Tempest in a Teapot


I recently had occasion to use the phrase “tempest in a teapot”. (I have kids! Everything is a tempest in a teapot).

Anyway, being who I am, I of course wondered: When was the FirstMention of tempest in a teapot?.

I checked Wikipedia, and naturally enough, they have an entry:

The phrase is at least a century and a half old, as evidenced in the January 1838 edition of the defunct The United States Democratic Review, in an article regarding the Supreme Court. To quote: “This collegiate tempest in a teapot might serve for the lads of the University to moot; but, surely, was unworthy the solemn adjudication attempted for it.”
Wikipedia, in turn, refers to a wonderful and clever website. World Wide Words, as the source for the 1838 tempest-in-a-teapot citation.

Is there an earlier FirstMention? You betcha! It dates back to the August 30, 1820 Connecticut Gazette.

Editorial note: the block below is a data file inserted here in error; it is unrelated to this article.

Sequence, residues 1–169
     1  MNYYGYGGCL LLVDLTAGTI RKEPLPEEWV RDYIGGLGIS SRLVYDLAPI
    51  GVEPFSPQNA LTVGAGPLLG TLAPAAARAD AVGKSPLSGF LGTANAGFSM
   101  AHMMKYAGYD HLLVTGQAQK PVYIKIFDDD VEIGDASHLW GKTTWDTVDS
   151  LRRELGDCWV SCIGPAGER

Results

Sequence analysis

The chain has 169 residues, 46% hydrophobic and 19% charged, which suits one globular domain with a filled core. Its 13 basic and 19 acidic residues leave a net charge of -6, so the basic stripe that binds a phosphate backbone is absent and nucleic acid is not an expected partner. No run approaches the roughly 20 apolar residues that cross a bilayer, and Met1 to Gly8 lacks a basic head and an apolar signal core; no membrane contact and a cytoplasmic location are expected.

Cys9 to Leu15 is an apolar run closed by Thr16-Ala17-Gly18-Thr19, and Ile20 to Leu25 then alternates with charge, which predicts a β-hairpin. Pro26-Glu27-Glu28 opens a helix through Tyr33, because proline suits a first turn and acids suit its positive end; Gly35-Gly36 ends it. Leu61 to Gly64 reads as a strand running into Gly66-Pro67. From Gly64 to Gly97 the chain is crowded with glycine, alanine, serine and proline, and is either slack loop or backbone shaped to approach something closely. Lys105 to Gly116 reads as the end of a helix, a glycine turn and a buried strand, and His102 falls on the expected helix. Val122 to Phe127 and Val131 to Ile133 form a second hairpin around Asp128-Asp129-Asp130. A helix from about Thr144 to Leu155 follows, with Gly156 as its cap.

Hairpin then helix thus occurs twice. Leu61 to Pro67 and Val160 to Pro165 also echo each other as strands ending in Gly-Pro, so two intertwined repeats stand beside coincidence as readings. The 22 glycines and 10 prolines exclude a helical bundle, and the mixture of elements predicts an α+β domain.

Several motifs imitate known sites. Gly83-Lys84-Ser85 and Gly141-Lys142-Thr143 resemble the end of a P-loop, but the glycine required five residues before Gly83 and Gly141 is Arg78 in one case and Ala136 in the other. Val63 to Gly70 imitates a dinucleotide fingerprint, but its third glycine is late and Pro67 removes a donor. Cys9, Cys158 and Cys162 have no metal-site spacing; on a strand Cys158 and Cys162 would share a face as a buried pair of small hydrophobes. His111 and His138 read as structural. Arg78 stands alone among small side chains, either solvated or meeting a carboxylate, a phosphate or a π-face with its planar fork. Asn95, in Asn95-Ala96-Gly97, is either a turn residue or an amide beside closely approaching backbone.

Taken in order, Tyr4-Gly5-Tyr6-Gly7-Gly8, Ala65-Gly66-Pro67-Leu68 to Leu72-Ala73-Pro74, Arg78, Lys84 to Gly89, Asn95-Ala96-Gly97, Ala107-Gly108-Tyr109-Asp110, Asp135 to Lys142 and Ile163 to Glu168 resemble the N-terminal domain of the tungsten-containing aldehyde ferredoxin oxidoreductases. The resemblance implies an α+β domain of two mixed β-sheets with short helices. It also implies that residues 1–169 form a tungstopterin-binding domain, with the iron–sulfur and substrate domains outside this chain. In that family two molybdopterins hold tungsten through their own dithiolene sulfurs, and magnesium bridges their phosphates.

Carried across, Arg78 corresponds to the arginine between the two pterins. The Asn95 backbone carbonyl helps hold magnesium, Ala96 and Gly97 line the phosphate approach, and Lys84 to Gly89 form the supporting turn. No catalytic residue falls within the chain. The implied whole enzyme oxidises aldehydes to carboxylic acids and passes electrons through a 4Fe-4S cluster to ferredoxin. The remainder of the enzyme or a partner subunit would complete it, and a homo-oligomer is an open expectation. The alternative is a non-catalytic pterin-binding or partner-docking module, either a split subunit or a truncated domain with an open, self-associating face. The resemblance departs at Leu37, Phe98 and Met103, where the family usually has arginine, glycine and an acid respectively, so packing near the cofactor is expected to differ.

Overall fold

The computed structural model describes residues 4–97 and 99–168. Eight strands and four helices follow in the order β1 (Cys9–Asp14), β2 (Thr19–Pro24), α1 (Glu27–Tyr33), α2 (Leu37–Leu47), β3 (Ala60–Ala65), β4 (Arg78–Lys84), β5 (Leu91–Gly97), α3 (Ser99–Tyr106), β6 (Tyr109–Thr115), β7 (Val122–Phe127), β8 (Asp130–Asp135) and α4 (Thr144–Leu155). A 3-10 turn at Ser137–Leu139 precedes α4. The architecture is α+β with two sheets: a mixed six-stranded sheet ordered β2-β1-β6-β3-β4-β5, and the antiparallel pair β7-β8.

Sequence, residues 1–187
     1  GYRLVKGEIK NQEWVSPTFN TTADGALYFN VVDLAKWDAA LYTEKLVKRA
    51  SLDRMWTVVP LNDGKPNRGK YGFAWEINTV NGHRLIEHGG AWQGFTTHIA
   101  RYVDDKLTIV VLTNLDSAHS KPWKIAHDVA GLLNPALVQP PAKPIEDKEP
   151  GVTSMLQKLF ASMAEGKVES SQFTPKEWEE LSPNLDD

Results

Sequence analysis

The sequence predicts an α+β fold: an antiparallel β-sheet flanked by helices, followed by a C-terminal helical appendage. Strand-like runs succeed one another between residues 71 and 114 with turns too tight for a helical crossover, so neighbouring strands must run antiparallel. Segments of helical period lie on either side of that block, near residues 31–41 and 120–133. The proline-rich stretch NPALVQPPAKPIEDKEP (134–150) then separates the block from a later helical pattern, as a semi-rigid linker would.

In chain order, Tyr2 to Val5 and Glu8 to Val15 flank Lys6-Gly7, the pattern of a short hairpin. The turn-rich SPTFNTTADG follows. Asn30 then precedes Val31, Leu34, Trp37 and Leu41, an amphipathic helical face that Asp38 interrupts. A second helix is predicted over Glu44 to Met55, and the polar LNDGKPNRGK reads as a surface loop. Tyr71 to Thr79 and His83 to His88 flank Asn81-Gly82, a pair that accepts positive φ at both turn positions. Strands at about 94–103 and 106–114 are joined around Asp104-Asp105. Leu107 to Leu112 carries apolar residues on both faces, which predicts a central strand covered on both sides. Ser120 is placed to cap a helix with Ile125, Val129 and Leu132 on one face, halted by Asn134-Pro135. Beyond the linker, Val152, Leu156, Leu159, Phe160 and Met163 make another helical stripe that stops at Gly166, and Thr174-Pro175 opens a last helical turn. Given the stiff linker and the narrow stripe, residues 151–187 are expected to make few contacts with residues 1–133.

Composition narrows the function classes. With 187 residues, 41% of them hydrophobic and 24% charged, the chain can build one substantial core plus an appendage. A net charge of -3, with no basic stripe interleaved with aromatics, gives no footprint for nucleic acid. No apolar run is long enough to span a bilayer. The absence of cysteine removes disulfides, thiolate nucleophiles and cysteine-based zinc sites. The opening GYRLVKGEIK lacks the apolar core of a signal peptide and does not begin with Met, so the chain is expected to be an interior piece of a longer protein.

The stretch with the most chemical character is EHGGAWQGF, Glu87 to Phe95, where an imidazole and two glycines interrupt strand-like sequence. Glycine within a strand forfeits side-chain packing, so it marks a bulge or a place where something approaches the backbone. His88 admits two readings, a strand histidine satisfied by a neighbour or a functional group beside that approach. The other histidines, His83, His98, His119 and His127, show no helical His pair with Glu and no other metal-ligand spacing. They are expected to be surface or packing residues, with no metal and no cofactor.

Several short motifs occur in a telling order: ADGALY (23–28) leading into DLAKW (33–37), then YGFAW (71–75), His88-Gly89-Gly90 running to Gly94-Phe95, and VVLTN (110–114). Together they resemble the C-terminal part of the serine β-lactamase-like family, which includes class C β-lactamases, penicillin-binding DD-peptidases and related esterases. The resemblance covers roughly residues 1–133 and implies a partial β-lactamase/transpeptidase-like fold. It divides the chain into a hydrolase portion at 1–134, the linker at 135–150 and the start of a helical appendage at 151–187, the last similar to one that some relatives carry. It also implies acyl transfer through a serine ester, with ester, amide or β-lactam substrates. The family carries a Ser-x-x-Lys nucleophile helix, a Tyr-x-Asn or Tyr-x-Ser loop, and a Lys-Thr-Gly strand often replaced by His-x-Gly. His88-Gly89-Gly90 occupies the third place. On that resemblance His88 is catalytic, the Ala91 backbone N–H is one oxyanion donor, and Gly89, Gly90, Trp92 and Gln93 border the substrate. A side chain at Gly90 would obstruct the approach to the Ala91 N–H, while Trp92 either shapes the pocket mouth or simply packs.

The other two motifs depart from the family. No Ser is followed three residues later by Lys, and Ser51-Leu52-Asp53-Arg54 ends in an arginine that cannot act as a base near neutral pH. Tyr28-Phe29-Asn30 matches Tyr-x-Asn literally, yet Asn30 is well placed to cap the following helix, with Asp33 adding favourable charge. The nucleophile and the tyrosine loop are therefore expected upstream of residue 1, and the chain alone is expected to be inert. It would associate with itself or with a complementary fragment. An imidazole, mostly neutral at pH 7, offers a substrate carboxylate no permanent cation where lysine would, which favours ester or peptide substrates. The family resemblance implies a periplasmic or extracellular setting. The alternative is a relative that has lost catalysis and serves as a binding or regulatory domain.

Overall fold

Connecticut Gazette

Wednesday, August 30, 1820

Anecdote of the late Lord Chancellor
Thurlow.–A person once came running
almost out of breath to the Lord Chan-
cellor, saying, “My Lord, I bring you ti-
dings of calamity to the nation, and I do
not know how far the direful effects of it
may spread to endanger the church and
state.”–“What is the matter, man?” said
the impatient Chancellor. “My Lord,”
continued the person, “a rebellion has
broken out”–“Where, where?” “In
the Isle of man.” “In the Isle of Man!”
repeated the vociferous Chancellor. “A
tempest in a tea-pot.”

Thurlow served as Lord Chancellor from 1783-1792, which means (assuming the story is true — it’s hard to tell with ‘anecdotes’) that the phrase dates back to late 1700’s, at least.

Interestingly, the 1820 article gives a decidedly English origin to the phrase, despite the usual assertion that the Brits prefer “storm in a teacup”, to the tempest variation.

A significant linguistic controversy on the origins of the phrase? Or a mere tempest in a teapot?

Well, whaddya know? As sometimes happens, an even earlier FirstMention has surfaced. Same story, different date. This one dates back to an 1815 publication, The Flowers of Wit, or A Choice Collection of Bon Mots. From Boston, no less.

The anecdote is identical to the version appearing later on the Connecticut Gazette, with the exception of one line at the end: “There is a similar idea in Athenaeus”.

I wonder what that means?